Bio: Govek, Carol - Ecuador (Peace Corps - 1980)

Contact: Dolores (Mohr) Kenyon

Surnames: Govek

----Source: Clark County Press (Neillsville, Clark Co., WI) 8/07/1980

Carol Govek, Ecuador (Peace Corps - 1980)

“They threw us out there and said, ‘Survive with the Ecuadorians,’ so we did.”

This, according to Carol Govek, Willard is how the Peace Corps gets around the problem of culture shock when placing its volunteers.

Govek knows what culture shock is, for until just last July 18, she was a Peace Corps volunteer stationed in Ecuador, South America.

“The whole living experience is just-so different,” she said. “There’s no water, no electricity—you have to go down to the creek to take water back for your bath.”

Raised on a dairy farm in Willard, Govek is a 1976 graduate of UW-Eau Claire, with a degree in political science, but it was for her diary farm background that the Peace Corps wanted her. Her job in Ecuador was to teach cattle management practices to Ecuadorian farmers.

“There’s a few new diseases and different pastures, but cows are the same wherever you go,” Govek said. She said that she tried to teach management and disease prevention, but mostly she was asked by her “students” for cures for different parasite problems. A lot of her work involved injecting cattle and helping the farmers to build corrals, with which most of the Ecuadorians were completely unfamiliar.

“I learned really quick that you have to meet them on their level,” she said.

Govek said that the Ecuadorian farmlands start out as jungle. Once the jungle is cut back, the farmers plant rice and corn for their own survival; they also raise chickens and pigs. Once they have raised enough to support their own families, the farmers begin to grow cash crops – coffee and cacao, from which chocolate and cocoa is made. Only those farmers successful in these areas are able to then consider dairy farming.

According to Govek, the Ecuadorians do practically all of their farm work with machetes, long, heavy-bladed knives. She said they use the tool to cut back the jungle growth, to dig and plant, to build a house – they even use the instrument to prepare food, she said.

They find special rocks on which they keep the blades sharp; they sharpen their machetes at least three times daily, Govek said. She said that there is a game Ecuadorians play with their machetes, in which a live chicken is buried in the ground up to its neck; a blind-folded Ecuadorian takes his machete and swings low to the ground—if he succeeds in cutting the head off the chicken, he is awarded the rest of the bird.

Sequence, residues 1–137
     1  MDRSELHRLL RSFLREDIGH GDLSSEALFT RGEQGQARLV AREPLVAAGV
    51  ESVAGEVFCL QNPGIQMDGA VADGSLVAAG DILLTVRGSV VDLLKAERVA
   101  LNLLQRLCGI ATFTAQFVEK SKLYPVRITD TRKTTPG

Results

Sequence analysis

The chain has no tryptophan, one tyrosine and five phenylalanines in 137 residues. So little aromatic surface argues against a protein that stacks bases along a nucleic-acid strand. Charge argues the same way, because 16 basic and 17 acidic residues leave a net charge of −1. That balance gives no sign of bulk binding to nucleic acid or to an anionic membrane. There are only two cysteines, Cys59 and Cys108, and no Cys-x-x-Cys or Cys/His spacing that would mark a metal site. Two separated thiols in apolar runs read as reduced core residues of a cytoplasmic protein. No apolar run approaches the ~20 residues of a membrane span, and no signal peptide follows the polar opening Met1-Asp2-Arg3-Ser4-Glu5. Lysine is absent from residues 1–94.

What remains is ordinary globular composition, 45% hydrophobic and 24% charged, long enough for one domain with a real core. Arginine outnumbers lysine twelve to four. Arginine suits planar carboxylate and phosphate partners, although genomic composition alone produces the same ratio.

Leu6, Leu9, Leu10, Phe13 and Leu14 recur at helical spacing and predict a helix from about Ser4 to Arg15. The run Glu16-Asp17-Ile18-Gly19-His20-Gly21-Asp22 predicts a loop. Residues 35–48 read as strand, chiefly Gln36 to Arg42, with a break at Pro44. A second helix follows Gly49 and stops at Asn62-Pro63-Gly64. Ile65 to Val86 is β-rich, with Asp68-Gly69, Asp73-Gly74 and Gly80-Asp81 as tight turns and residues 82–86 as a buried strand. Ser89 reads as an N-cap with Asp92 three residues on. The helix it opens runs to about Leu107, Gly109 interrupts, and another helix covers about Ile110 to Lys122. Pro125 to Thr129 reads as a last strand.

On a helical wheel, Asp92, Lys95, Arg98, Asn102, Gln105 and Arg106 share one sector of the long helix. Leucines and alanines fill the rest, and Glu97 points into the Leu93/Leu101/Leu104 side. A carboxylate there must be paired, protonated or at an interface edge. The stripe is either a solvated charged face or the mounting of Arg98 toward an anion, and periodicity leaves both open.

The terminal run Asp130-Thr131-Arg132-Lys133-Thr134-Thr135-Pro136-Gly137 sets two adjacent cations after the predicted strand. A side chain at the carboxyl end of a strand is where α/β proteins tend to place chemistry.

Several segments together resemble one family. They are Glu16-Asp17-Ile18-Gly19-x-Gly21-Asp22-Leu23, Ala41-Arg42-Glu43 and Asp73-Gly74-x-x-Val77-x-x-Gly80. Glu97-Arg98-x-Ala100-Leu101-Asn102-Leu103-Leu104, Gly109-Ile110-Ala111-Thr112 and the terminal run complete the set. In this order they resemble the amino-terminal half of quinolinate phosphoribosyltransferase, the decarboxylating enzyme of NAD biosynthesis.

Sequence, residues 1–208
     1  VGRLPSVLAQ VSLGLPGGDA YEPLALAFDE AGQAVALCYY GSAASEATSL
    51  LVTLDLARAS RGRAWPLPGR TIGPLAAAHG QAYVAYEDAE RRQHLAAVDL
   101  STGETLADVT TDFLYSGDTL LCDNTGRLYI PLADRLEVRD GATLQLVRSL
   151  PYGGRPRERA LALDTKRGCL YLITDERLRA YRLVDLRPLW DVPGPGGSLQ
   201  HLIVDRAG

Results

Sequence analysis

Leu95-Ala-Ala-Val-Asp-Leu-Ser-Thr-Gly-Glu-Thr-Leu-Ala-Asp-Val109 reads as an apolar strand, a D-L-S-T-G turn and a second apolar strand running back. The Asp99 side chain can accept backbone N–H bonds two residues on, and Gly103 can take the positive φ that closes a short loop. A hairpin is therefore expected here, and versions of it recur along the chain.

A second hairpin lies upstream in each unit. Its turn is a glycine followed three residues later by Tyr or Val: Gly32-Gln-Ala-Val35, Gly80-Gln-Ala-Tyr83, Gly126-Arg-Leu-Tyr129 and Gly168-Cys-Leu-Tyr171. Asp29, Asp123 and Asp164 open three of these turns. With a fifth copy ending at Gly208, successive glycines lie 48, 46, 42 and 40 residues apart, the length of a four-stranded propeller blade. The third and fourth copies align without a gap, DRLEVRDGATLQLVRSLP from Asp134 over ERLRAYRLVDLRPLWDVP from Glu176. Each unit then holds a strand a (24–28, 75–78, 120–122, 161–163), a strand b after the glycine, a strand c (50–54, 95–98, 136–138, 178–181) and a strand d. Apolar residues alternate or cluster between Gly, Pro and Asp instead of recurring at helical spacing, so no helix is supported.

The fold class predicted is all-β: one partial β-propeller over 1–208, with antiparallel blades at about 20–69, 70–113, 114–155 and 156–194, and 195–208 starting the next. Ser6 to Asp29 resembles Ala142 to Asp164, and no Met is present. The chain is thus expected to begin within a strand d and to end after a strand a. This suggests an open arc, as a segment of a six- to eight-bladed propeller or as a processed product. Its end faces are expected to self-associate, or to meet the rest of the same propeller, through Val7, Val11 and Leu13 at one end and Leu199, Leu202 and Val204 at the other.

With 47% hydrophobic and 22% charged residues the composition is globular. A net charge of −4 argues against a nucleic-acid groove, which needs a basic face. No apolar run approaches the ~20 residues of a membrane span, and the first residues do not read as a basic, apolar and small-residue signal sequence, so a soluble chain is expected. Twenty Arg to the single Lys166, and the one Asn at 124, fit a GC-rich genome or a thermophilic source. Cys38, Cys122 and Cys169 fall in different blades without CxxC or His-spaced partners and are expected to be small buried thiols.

Govek arrived in Ecuador on April 15, 1978. Following a three-month training period in Quito, the mountain capital of Ecuador, she was sent to her work site, near the town of Santa Domingo de los Colorados, in a coastal lowland area. She said she lived in the town by herself for the first nine months of her stay in Ecuador, traveling 35 kilometers (around 15 miles) to her work site. Once she became more adjusted to the area, she moved to her site, where she lived with an Ecuadorian family on their 100-acre farm.

Govek studied Spanish, Ecuador’s native language, in her three-month training period in Quito. She had no knowledge whatsoever of the language before arriving in the country, but her stay with the Ecuadorian family and her work with the Ecuadorians improved her Spanish-speaking ability quickly. From a zero score on the Foreign Service Institute exam (a system used throughout the United States to determine language proficiency), Govek increased to a high three (out of five possible), indicating a skill level barely below that of the experts.

Now that she’s back, Govek’s main concern is that she retains the Spanish that she learned in her two-year stay. With that in mind, she took off last Saturday for Robstown, Texas, where she recently landed a job as a religious education coordinator, a position in which she will be dealing with an area 90 percent Mexican.

Also during her stay in South America, Govek visited Peru, Bolivia and the Galapagos Islands.



© Every submission is protected by the Digital Millennium Copyright Act of 1998.


Show your appreciation of this freely provided information by not copying it to any other site without our permission.


Become a Clark County History Buff


Report Broken Links

A site created and maintained by the Clark County History Buffs
and supported by your generous donations.


Webmasters: Leon Konieczny, Tanya Paschke,

Janet & Stan Schwarze, James W. Sternitzky,

Crystal Wendt & Al Wessel